2.9. Liquid–Liquid Porometer Studies

A porometer model LLP-11000A (PMI, Ithaca, NY, USA) was used in this study. The procedure involves a pair of immiscible liquids, of which the liquids used to wet the membrane, is referred to as the wetting liquid (isopropanol in this case), while the second liquid (sliwich oil) is used to displace it. By measuring the pressure and the flow through the membrane, the corresponding pore radius can be calculated using the Cantor Equation (2) [34] and the contact angle is assumed to be zero:
P = (2γcosɵ/rp)
where P is the pressure, γ is the interfacial tension, θ is the contact angle, and rp is the pore radius.

2.10. Morphological Characterization

A FEI Quanta 250 FEG Dual Beam Electron Microscope (FEI, Hillsboro, OR, USA), which has an energy dispersive X-ray spectroscope (EDX) attached to it (Oxford Instruments, X-Max), was used to characterize the samples here. To visualize clearer images, small samples of the membranes were frozen in liquid nitrogen before cutting. Cross-section imaging of the membranes was achieved by vertical attachment to a carbon tape, while surface imaging of the samples was achieved by horizontal attachment. The surfaces of the samples were sputtered with a thin layer of palladium-gold using a sputtering device (Emscope SC400, Kent, UK) and then observed under a scanning electron microscope, and then the EDX analysis was performed on the sample.

2.11. Surface Fluorescence Characterization

To determine the level of fouling by MB after each experiment, the membranes were imaged under a fluorescent microscope. Images where recorded on a Zeiss 880 NLO upright confocal microscope (Thornwood, NY, USA) with a 10× air objective. The membranes were sandwiched between microscope slides and wetted with water for smoothing them out. Tiles, showing the full field of over a z-range to cover the slightly non-planar geometry of the membrane, were stitched together in a format of 3 × 3, reflecting a representative cover. Methylene blue was excited with a 633 nm laser and emission was collected over a spectral range of 642 to 759 nm.

3. Results and Discussion

Using dynamic light scattering, the average hydrodynamic diameter of the phosphorene nanoparticles after exfoliation was found to average 1.87 nm. To confirm that few-layer phosphorene was fabricated, thin phosphorene films were first identified using optical microscopy before being studied under the Raman microscope. Raman spectroscopy was used to analyze few-layer phosphorene (i.e., between 2–5 layers) after exfoliation. Sample analysis was performed under ambient conditions. As seen in Figure 2, Raman bands were observed at 463 cm−1, 436 cm−1, and 359 cm−1, assigned to the one out-of-plane mode A1g and two in-plane modes, B2g and A2g (A1g, B2g, and A2g represent vibrational modes) of few-layer phosphorene corresponding to observed values from the literature [35].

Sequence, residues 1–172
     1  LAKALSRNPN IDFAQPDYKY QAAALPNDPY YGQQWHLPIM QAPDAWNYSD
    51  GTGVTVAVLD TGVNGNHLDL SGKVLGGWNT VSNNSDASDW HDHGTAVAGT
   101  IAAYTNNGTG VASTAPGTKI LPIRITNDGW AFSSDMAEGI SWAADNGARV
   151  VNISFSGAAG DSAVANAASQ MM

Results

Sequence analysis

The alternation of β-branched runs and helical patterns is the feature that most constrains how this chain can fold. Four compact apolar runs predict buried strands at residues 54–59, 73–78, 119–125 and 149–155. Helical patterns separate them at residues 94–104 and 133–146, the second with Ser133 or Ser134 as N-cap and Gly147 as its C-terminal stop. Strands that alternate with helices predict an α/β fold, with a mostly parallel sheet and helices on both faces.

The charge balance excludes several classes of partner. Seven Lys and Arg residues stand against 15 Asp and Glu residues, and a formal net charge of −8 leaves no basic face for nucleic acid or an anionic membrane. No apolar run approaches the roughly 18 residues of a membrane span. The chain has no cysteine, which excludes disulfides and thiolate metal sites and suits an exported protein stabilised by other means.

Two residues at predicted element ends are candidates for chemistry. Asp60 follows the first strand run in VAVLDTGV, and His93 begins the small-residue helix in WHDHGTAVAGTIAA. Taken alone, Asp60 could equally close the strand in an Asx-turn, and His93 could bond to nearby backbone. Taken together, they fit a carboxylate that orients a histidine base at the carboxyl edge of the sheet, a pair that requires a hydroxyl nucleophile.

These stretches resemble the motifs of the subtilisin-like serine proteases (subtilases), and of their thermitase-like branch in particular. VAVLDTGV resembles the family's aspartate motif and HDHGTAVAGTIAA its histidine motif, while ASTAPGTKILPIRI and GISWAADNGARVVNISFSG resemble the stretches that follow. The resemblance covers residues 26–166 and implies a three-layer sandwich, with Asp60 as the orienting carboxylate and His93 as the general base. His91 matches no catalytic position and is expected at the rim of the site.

Figure 3A,B shows the cross-section of the pore structure of SPEEK membranes before and after the addition of phosphorene, respectively, while Figure 3C,D shows the surface images of both membranes before filtration. By comparing the two images, it was confirmed that phosphorene was immobilized onto the membranes. The phosphorene membranes showed spherical-looking structures present in the pores, which upon analysis by EDX, were confirmed to come from phosphorus. Phosphorene nanoparticles were blended with the dope solution before casting the membrane, and while care was taken to prevent agglomeration, nanoparticle agglomeration still occurred, and it is believed that the increase in nanoparticle size after casting was likely due to agglomeration.
Figure 4A,B show the associated EDX spectra for the SPEEK and phosphorene membranes, respectively. From Figure 4A, SPEEK membranes contained 82% carbon, 14.4% oxygen, 3.6% sulfur, and no detectible phosphorus. On the other hand, the EDX spectrum of the membranes incorporated with phosphorene (Figure 4B) show 65.8% carbon, 14.5% oxygen, 16.5% sulfur, and 3.1% phosphorus. Therefore, both Raman and EDX analyses support the exfoliation of few-layer phosphorene and the subsequent the presence of phosphorene on the membranes, respectively. Since SPEEK has no phosphorus, all the phosphorus fraction measured was due to the presence of phosphorene on the membranes, and it amounted to 3.1% phosphorus.